Buying Time: Clocks Along the Great Road, 1790 – 1870
July 31, 2009 – January 3, 2010
The Glenn C. Price & Strongwell Gallery

In the early nineteenth century, Northeastern clock manufacturers engaged in fierce competition to develop numerous innovations: new methods of assembly, new types of relatively inexpensive clock movements, and new ways to retail their goods in the South and circumvent Southern lawmakers’ attempts to prevent their wares from flooding the market. This compelling tale of rivalry and originality accompanies the magnificent tall case clocks and shelf clocks on exhibit in Buying Time.






J.C. Leyendecker: America’s ‘Other’ Illustrator
September 27, 2009 – November 22, 2009
The Legard & United Company Galleries

Joseph Christian Leyendecker (1874-1951) may not be as well known as his fellow American illustrator Norman Rockwell, but during his long career his work was some of the most popular of its day. Leyendecker produced illustrations for Collier’s magazine, The Saturday Evening Post, Arrow Brand shirts, Kellogg’s and posters supporting various war efforts.






From These Hills 2009: Contemporary Art from the Southern Appalachian Highlands
October 23, 2009 – February 14, 2010
The United Company Regional Art Gallery

From These Hills is a biennial exhibition showcasing new works by regional artists. The 2009 exhibit, featuring 83 pieces by 37 artists, is guest-curated by Ray Kass, a painter and writer who lives in New York City and Blacksburg, Virginia, where he is Professor Emeritus of Art at Virginia Tech. Artists featured include: Ann Ropp, Bill Deel, Bracken Caldwell, Catherine Murray, Connie Bundy, Deborah Bryan, Denise Stewart-Sanabria, Derek Smith, Duane Cregger, Elizabeth Johns, Heather Harvey, Jan Foust Hurt, Jarata, Jean Hess, Jennifer Collins, Jennifer Cox, Jennifer Spoon, Kevin Inman, Kristi Taylor, Lindsey Kincaid, Marianne Gubler, Marilyn Hower, Marvin Tadlock, Mary Nees, Michael Murphy, Morgan LeMasters, Neil Staples, Perry Johnson, Robert Sulkin, Shane Snider, Steve Hutchins, Tamie Beldue, Travis Graves, Val Lyle, Vaughn Garland, and William Matthew Harvey.


Matisse, Picasso and Modern Art in Paris

December 11, 2009 – February 21, 2010
The Legard & United Company Galleries

In 1947, T. Catesby Jones bequeathed to the Virginia Museum of Fine Arts his collection of modern painting and sculpture, focused on the School of Paris and represented by major figures such as Georges Braque, Marc Chagall, Raoul Dufy, Juan Gris, Jaques Lipchitz, Andre Masson, Henri Matisse, Pablo Picasso and Georges Roualt.

His print and illustrated books collection went to the University of Virginia Library one year later, and since 1975 that group of works on paper has been a centerpiece of the University of Virginia Art Museum. This exhibit will bring all parts of the collection together for the first, revealing its importance as an exemplary instance of the taste for the art of the avant-garde during the early decades of the twentieth century — and the importance of French artists and artists living in Paris of the modern age.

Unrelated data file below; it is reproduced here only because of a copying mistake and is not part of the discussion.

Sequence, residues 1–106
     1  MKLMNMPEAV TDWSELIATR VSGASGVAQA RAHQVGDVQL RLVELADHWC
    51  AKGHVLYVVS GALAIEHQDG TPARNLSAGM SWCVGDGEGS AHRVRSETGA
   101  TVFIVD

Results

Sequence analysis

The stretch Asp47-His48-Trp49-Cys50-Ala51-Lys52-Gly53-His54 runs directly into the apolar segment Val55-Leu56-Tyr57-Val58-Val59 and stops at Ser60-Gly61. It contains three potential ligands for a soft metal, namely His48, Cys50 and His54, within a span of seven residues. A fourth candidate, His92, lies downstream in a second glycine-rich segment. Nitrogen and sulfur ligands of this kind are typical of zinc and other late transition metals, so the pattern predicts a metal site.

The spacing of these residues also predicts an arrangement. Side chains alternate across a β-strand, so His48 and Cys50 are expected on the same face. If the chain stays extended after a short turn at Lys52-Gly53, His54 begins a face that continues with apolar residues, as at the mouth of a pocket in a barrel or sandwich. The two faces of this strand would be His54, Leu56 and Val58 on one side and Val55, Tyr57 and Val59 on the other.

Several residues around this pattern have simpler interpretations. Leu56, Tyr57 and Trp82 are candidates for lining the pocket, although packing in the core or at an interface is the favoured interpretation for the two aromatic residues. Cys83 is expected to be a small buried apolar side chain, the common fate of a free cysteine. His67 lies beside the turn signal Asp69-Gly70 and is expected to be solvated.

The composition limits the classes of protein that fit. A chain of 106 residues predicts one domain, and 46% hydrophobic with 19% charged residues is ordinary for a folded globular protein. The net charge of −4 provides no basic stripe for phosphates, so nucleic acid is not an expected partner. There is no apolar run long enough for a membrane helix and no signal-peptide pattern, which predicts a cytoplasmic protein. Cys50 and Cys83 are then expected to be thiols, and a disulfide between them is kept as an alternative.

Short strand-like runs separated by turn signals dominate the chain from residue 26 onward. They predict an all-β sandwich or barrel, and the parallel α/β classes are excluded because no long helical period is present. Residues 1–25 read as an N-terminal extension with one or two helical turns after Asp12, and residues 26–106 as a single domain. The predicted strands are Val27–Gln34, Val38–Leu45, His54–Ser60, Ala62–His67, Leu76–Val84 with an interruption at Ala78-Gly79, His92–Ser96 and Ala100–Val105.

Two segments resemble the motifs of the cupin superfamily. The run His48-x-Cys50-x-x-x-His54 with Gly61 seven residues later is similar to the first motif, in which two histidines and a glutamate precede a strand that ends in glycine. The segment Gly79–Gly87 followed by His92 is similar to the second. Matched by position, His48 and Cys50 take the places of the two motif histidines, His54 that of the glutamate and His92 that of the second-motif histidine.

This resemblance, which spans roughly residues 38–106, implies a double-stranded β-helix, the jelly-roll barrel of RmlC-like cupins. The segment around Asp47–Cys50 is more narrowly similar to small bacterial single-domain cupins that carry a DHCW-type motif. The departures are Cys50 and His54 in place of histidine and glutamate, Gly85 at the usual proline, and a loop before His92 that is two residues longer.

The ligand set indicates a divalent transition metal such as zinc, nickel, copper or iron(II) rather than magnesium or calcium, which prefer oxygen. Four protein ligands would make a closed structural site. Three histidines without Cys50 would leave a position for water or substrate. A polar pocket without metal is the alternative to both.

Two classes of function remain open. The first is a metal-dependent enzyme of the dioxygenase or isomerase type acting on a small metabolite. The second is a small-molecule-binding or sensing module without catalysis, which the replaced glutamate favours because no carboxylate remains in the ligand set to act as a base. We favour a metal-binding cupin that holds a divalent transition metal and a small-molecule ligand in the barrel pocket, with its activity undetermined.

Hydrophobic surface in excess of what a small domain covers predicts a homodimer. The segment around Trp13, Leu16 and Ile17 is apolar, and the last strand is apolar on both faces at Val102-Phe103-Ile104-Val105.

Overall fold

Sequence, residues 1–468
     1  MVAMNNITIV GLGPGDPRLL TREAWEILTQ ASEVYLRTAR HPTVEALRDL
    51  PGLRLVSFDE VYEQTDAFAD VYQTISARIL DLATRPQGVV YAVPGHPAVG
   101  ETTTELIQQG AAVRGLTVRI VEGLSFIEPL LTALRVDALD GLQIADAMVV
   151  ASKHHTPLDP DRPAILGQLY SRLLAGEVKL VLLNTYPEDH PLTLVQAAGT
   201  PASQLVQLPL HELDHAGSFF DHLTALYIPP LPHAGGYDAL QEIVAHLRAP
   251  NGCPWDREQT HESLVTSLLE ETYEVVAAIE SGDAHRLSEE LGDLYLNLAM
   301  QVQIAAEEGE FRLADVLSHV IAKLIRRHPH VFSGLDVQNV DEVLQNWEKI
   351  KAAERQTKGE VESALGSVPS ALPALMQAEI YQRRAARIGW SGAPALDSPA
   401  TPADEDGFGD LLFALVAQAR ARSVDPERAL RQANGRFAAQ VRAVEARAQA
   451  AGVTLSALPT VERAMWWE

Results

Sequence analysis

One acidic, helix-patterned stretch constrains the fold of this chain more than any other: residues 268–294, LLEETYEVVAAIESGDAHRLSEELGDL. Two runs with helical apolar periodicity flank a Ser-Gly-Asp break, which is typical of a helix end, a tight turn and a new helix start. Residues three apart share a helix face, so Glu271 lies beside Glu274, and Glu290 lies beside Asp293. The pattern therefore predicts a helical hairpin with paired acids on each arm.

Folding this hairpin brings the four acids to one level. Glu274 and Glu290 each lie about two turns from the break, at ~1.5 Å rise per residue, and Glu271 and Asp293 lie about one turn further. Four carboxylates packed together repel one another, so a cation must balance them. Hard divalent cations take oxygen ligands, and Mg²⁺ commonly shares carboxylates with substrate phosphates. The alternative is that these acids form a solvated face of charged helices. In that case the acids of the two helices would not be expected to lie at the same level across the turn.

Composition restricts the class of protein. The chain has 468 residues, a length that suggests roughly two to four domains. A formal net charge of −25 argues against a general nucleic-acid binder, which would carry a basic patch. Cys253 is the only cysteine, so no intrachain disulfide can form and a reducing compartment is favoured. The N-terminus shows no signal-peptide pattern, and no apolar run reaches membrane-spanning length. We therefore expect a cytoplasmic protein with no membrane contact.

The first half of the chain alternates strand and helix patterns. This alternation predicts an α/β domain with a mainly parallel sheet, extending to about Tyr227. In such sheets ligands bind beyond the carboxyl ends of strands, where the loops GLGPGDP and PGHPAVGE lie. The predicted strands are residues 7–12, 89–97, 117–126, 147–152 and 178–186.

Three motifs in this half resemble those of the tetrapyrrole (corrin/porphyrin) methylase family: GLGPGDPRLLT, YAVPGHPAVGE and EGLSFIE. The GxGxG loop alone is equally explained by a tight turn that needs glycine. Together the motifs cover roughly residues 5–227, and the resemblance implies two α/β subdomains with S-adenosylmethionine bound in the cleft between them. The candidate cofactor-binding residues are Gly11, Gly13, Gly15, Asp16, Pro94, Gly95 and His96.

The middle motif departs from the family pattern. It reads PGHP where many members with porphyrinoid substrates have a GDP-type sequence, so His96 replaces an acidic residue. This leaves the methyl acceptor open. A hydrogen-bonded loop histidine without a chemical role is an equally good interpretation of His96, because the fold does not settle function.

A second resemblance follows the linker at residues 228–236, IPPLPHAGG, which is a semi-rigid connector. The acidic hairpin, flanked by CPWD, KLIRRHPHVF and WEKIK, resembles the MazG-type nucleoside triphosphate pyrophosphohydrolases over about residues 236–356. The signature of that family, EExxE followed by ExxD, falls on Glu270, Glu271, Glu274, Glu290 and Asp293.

An Educated Woman
January 22, 2010 – July 11, 2010
The Glenn C. Price & Strongwell Galleries

Art is interlaced in the history of women’s education. Academies used it to refine girls into ladies, and colleges instructed women in it for beautifying their future homes. An Educated Woman salutes the artistic endeavors of the women students of Southwest Virginia and Northeast Tennessee and showcases pieces such as paintings, painted ceramics, and textiles ranging from the early nineteenth century to the 1920s.




Cohabitants: New Works by Heide Trepanier & David Mazure
March 19, 2010 – August 22, 2010
The Legard & United Company Galleries

Heide Trepanier and David Mazure go beyond reflecting their immediate external world by drawing from some inaccessible and otherworldly place. Trepanier paints with gestural and unpredictable splatters atop a seemingly infinite color field while Mazure draws with painstaking precision whirring and rolling forms, often directly onto the walls. Together, their large-scale works and immersive installations will force us to share our surroundings with unusual abstract figures and the artists’ personal views regarding chaos and the unknown.



The Subject of Being: Mixed Media Works by Megan Van Deusen & Gabriel Shaffer
May 14, 2010 – October 3, 2010
The United Company Regional Art Gallery

Megan van Deusen’s subtle, almost monochromatic figures evocatively emerge from the creases and folds of the material she works on. Her figures are suggestive of academic life-drawing, but the process of layering and draping the fabrics transforms a traditional two-dimensional work into a sculptural installation. Similarly, Gabriel Shaffer’s paintings on salvaged materials and collage emphasize the object-hood of his work as well as the journeyed process in which they are created. His figures are graphic, brightly colored and display wild and boisterous personas. While aesthetically dissimilar, both artists share an affinity for experimentation and the ability to defy conventional views of figuration.

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